The Next Web: Google’s new app lets you order food and call a plumber in India. “Google has quietly launched Areo, an Android app to let you order food, as well as hyperlocal home improvement and personal services from local providers in India. Currently available in the cities of Bangalore and Mumbai, it aggregates food delivery, beauty, home maintenance, household repairs, fitness training and physiotherapy, and other services.”


It’s a bit specific, but I’m including this article from Guiding Tech but I don’t believe I’ve ever seen this topic covered before: 3 Best Ways to Access Deleted Reddit Comments. “In normal circumstances, something deleted off a comments thread is lost forever but due to the API of Reddit, it has been made possible for developers to recover the deleted comments from the website.”


Backchannel: How Google Book Search Got Lost. “Today, Google is known for its moonshot culture, its willingness to take on gigantic challenges at global scale. Books was, by general agreement of veteran Googlers, the company’s first lunar mission. Scan All The Books! In its youth, Google Books inspired the world with a vision of a ‘library of utopia’ that would extend online convenience to offline wisdom. At the time it seemed like a singularity for the written word: We’d upload all those pages into the ether, and they would somehow produce a phase-shift in human awareness. Instead, Google Books has settled into a quiet middle age of sourcing quotes and serving up snippets of text from the 25 million-plus tomes in its database.”

State Scoop: Portland’s new crime map shows how far data transparency has come. “Cities once merely dumped their data online without a plan. Today, portals like this one are shaping policy and guiding grander designs in community engagement and policing.”

CNET: Burger King’s new ad intentionally sets off Google Home. “You dream of your gadgets being able to interact with each other. That way, you can concentrate on breathing and eating and your gadgets can do all the thinking. How helpful, then, of Burger King’s new TV ad to deliberately trigger your Google Home to tell you all about its no-doubt sumptuous Whopper.”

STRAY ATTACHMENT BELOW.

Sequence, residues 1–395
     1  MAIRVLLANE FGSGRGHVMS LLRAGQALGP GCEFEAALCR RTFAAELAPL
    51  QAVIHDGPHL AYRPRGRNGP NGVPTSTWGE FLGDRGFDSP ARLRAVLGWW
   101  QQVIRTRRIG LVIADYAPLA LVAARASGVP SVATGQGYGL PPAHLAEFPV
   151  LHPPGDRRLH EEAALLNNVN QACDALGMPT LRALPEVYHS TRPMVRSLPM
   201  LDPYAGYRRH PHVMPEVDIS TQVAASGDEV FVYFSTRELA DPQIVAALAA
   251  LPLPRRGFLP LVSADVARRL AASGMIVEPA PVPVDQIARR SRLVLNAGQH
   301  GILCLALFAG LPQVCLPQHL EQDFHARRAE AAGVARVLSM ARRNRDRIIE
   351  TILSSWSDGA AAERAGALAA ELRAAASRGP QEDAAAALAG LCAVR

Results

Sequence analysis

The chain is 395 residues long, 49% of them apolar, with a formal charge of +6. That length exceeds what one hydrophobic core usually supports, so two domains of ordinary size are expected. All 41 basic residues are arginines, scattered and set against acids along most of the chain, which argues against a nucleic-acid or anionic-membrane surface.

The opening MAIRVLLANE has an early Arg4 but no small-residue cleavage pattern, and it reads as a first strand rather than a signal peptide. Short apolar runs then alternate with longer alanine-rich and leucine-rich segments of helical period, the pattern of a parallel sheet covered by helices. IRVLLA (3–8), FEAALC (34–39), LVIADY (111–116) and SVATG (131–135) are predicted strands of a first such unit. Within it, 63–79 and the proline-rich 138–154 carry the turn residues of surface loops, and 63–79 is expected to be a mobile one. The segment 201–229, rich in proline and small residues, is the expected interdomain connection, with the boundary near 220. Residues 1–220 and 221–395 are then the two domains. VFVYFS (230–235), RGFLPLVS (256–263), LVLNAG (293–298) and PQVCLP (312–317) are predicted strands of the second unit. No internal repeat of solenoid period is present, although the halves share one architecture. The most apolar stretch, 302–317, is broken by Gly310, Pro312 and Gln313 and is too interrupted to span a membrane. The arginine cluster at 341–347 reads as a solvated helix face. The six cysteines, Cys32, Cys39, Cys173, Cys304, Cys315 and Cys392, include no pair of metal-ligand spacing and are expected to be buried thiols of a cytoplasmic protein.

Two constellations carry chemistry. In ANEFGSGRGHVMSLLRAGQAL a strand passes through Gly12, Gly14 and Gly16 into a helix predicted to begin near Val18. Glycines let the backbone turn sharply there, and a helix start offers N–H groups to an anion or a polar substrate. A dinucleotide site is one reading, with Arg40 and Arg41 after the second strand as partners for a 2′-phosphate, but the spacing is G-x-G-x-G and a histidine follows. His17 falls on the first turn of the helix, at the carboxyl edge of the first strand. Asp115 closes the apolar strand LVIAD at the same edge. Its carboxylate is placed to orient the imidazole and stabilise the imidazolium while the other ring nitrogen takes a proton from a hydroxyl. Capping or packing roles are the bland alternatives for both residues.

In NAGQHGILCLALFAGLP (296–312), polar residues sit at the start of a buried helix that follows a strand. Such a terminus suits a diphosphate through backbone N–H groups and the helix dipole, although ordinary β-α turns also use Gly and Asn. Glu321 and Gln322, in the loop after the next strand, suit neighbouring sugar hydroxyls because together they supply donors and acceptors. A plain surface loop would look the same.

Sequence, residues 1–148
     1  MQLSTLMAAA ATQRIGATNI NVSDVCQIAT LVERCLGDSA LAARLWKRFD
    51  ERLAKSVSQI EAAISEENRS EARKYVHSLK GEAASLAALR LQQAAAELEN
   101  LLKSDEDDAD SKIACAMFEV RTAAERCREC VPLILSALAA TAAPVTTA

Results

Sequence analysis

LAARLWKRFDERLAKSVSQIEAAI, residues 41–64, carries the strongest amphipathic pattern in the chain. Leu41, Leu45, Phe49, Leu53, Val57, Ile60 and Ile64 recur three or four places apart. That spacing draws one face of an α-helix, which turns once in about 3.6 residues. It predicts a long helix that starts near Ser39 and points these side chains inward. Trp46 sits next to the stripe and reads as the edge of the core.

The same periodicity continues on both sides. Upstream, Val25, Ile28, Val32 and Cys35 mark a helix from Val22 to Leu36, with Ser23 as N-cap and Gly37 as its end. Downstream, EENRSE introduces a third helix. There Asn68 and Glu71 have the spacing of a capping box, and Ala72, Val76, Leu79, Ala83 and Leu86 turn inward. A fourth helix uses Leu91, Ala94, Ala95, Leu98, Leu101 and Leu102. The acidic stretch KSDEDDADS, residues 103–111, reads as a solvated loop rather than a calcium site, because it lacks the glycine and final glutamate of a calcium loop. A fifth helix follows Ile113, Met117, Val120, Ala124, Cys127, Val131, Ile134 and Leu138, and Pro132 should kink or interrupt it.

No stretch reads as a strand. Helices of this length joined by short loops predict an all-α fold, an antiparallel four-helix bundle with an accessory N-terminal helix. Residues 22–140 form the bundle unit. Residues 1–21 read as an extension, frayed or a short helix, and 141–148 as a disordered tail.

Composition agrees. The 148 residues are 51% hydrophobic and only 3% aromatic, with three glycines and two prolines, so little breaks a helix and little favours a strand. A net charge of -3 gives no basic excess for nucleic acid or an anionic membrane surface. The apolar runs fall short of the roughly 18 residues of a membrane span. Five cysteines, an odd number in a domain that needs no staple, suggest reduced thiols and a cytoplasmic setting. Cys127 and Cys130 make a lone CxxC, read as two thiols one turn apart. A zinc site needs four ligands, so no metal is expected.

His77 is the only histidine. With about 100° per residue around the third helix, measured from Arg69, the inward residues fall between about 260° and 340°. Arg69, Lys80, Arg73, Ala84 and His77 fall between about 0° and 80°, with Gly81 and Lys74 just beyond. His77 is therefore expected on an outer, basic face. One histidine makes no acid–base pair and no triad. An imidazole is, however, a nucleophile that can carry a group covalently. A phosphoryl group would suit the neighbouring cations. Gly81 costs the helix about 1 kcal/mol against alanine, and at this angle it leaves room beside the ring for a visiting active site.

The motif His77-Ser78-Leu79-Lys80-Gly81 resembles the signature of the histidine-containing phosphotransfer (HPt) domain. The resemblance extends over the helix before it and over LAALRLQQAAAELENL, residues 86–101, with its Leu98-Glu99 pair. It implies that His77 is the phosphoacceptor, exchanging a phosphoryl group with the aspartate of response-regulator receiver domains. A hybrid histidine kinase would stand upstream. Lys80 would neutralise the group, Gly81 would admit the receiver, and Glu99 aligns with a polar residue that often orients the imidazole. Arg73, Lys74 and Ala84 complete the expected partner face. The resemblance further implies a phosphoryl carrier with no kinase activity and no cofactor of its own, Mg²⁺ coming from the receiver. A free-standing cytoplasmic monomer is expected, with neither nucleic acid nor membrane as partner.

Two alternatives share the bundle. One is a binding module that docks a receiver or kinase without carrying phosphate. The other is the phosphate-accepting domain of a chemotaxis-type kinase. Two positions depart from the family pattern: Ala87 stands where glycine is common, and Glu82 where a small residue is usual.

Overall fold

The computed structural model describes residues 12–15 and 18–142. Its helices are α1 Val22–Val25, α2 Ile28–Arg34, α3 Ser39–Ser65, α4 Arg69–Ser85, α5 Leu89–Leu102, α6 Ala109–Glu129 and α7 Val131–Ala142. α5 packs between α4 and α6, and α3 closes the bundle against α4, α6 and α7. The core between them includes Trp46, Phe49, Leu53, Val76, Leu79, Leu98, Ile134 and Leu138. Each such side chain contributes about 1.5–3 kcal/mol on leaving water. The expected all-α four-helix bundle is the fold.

Los Angeles Times: Snapchat maker unseals former employee’s lawsuit: ‘Snap has nothing to hide’. “Saying it had ‘nothing to hide,’ the company behind Snapchat released an unredacted version of a lawsuit filed against it by a former employee that claims investors and advertisers were misled about usage data. Snap Inc. offered a blanket denial of the allegations in the lawsuit, brought in January by former employee Anthony Pompliano.”


MIT Technology Review: Me and My Troll. “I have a troll. Writing as @zdzisiekm, or ‘Gus,’ or under other names, he has commented on stories on 6,386 times and counting as of April 2017. As trolls go, he is unfailingly polite, and he doesn’t violate our site’s terms of service. Instead, he is reflexively, tendentiously wrong about a single topic, again and again. Gus is angry about our reporting on global warming and renewable energy technologies. His objections are notionally scientific, but they have a strongly ideological flavor.” Good morning, Internet…